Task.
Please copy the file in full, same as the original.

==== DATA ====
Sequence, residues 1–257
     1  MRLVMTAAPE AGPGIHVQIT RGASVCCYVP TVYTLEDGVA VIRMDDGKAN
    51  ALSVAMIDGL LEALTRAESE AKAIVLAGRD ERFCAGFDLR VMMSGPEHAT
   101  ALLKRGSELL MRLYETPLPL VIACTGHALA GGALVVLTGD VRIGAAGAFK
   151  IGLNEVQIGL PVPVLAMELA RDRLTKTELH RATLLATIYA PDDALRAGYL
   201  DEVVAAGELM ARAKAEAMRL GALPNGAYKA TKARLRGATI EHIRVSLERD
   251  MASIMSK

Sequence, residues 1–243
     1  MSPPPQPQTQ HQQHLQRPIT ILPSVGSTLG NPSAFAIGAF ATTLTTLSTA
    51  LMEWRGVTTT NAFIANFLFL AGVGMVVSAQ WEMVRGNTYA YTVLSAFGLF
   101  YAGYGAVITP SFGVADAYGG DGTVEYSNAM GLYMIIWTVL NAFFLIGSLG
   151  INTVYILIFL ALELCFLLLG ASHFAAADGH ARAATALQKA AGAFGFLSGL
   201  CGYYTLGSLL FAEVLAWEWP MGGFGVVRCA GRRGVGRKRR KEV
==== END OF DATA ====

Sequence, residues 1–257
     1  MRLVMTAAPE AGPGIHVQIT RGASVCCYVP TVYTLEDGVA VIRMDDGKAN
    51  ALSVAMIDGL LEALTRAESE AKAIVLAGRD ERFCAGFDLR VMMSGPEHAT
   101  ALLKRGSELL MRLYETPLPL VIACTGHALA GGALVVLTGD VRIGAAGAFK
   151  IGLNEVQIGL PVPVLAMELA RDRLTKTELH RATLLATIYA PDDALRAGYL
   201  DEVVAAGELM ARAKAEAMRL GALPNGAYKA TKARLRGATI EHIRVSLERD
   251  MASIMSK

Sequence, residues 1–243
     1  MSPPPQPQTQ HQQHLQRPIT ILPSVGSTLG NPSAFAIGAF ATTLTTLSTA
    51  LMEWRGVTTT NAFIANFLFL AGVGMVVSAQ WEMVRGNTYA YTVLSAFGLF
   101  YAGYGAVITP SFGVADAYGG DGTVEYSNAM GLYMIIWTVL NAFFLIGSLG
   151  INTVYILIFL ALELCFLLLG ASHFAAADGH ARAATALQKA AGAFGFLSGL
   201  CGYYTLGSLL FAEVLAWEWP MGGFGVVRCA GRRGVGRKRR KEV